Mexico city has a bad rap. I only know one person who has been there before and everyone else says the same thing about it: Be Careful. Before we left for our trip, articles about the drug cartels, street violence, pollution and traffic were on the forfront of American news. Carlos´Mexican family echoed the same story and added anecdotes about friends of friends who had been robbed. Even family in Guadalajara have never visited because well, why would you?
So somehow in a city that is one of the most populous on earth, I felt like I had stumbled upon a little gem. Mexico City, or DF for short, was wonderful. I would visit again without question because with only two and half days there, we touched upon only a fraction of the things that I would have liked to do. Here´s a brief summary– the goal being that you too will want more info about DF and hop on down for a visit.
Carlos and I arrived on Friday afternoon to the neighborhood of Condessa. Our accomodation was a quiet oasis just minutes from adorable cafes and restaurants in this uber hip barrio. We bar hopped in Condessa and both felt way too shabby with out backbacker attire to fit in properly. Unfortunately I had come down with a bout of food poisoning so the night ended on the early side.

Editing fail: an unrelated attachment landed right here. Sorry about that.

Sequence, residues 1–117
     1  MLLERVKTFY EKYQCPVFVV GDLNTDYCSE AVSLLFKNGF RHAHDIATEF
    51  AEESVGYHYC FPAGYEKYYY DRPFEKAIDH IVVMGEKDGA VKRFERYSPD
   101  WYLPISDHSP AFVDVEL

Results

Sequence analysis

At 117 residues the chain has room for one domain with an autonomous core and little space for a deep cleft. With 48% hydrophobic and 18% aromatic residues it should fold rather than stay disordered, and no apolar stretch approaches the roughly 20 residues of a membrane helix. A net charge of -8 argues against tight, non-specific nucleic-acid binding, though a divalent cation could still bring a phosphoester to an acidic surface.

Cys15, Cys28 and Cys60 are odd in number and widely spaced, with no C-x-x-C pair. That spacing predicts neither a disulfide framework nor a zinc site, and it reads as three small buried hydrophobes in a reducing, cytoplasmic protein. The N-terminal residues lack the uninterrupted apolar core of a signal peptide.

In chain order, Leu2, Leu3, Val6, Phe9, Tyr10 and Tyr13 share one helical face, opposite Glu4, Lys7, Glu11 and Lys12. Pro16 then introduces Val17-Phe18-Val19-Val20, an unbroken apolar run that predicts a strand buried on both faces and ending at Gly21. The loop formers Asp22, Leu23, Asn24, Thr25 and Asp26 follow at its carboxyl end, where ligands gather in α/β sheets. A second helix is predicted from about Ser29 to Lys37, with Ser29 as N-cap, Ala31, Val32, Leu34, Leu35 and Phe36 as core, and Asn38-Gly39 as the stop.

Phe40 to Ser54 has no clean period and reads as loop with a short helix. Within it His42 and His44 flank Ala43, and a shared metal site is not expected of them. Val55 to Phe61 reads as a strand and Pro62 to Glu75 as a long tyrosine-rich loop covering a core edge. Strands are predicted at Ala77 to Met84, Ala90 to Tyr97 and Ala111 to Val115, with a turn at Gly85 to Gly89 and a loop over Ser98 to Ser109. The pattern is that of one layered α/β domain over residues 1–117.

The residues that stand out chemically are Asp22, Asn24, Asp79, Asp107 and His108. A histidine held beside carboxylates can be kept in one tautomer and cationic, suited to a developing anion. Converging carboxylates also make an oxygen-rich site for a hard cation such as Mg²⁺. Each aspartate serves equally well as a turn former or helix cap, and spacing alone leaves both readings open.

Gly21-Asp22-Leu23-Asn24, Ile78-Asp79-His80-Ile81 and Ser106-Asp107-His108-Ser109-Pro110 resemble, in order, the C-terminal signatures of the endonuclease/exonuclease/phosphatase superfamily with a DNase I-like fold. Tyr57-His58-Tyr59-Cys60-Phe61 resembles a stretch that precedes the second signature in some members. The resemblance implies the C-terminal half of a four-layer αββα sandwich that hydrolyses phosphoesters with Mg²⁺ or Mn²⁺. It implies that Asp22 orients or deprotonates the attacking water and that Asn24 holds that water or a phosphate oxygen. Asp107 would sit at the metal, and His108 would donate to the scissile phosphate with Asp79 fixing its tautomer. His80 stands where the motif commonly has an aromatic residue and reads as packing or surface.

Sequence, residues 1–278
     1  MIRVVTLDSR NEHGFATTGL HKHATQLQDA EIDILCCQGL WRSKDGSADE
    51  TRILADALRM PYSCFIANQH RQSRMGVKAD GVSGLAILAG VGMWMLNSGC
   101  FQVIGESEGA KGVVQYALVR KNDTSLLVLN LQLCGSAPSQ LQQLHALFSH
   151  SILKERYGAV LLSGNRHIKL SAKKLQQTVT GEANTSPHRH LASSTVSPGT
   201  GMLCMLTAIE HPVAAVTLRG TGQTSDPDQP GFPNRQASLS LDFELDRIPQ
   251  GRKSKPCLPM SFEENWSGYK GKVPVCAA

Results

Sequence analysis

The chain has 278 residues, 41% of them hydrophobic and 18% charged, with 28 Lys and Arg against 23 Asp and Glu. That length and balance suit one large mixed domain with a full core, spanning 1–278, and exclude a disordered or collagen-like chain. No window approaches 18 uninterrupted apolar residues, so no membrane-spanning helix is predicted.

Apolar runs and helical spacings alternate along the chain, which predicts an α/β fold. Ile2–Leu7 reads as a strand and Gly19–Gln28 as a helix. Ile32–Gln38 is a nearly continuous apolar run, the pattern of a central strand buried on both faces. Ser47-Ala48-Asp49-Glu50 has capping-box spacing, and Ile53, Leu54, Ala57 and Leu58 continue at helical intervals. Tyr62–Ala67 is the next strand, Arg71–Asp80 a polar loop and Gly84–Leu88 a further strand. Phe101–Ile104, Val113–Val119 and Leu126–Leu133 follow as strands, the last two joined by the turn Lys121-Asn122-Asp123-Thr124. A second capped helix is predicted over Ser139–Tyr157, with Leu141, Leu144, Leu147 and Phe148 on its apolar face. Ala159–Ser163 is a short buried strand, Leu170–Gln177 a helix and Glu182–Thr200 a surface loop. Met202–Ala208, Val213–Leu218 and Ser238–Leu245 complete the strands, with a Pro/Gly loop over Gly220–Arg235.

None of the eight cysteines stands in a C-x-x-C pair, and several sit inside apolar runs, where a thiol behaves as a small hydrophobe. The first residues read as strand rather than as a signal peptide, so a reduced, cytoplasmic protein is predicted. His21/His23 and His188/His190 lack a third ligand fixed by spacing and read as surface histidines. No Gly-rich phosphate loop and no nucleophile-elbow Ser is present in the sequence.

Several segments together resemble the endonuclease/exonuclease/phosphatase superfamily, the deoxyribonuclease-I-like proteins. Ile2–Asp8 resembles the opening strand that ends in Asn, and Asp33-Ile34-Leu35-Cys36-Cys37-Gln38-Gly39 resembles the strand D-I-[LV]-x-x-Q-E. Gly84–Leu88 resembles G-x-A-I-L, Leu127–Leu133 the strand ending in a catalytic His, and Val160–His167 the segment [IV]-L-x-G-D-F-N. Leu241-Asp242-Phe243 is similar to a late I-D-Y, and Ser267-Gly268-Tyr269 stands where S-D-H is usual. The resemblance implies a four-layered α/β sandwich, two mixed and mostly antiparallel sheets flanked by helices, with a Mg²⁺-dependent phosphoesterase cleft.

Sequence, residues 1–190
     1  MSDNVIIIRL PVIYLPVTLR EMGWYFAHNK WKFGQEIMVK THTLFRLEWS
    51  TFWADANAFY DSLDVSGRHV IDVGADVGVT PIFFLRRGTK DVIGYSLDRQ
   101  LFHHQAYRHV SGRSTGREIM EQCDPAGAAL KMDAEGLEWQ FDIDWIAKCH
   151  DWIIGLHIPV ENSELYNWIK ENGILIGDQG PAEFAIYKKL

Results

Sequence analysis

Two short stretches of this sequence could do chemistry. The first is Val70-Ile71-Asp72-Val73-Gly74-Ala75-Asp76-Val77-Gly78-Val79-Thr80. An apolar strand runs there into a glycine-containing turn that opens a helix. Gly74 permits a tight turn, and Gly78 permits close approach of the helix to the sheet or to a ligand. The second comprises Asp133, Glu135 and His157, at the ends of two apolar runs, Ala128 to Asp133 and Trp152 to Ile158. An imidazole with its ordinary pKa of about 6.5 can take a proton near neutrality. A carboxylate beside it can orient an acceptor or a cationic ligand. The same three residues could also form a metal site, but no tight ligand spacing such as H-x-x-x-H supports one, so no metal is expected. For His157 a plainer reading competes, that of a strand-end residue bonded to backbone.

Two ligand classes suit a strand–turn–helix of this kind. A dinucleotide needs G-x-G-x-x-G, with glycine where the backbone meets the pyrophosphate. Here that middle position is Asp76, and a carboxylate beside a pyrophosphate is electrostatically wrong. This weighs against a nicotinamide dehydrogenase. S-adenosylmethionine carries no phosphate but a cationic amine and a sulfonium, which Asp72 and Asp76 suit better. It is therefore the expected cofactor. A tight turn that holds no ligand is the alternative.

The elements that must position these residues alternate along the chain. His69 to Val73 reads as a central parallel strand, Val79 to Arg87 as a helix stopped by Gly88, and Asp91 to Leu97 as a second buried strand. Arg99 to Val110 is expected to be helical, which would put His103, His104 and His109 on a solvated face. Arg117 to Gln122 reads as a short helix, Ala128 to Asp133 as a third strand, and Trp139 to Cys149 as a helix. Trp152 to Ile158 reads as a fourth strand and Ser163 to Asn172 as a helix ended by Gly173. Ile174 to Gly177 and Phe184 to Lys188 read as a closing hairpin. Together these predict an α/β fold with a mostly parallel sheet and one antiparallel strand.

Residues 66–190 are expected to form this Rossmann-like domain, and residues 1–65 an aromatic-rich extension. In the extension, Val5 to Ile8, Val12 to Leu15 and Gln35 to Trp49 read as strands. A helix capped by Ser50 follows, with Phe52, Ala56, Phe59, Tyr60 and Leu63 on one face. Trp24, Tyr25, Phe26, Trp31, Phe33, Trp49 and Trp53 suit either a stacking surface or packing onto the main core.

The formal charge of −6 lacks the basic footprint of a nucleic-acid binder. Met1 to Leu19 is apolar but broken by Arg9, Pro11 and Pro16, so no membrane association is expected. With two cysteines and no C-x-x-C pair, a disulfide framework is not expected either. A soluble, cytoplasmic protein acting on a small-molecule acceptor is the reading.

On Saturday Carlos and I went our separate ways because I had arranged a private Mexico City Street food and Market Tour with Eat Mexico. This was my chance to geek out on the Mexico City food scene with two guides and ask questions about the foods I saw at the Oaxaca markets as well. Though the tour was fun and informative, I have to say that my confidence navigating through street food and markets on my own has grown signicantly and if anything, the tour validated this. Carlos and I met up in the afternoon to walk through the chaos that is downtown DF together (and thankfully he was there to hold my hand as I suffered through day two of Montezuma´s Revenge).
I was feeling about 70% better on Sunday so we made it to the park to rent bikes. This was where DF really stood apart from other great cities I have visited. In a city notorious for congestion and obesity, the local government and public health organizations have embarked on an incredible campaign to get people moving every Sunday. The entire down town (including some of the most vital traffic thoroughfares) was closed to cars. The roads were filled with cyclists and what´s more, bike rental was free! It was incredible. Carlos and I were floored. After a few hours exploring the many neighborhoods of DF on bike we ended the day at a fabulous restaurant called El Parnita for a late comida. That was the best meal we had eaten so far on this trip and a great way to go leave me wanting more from Mexico City.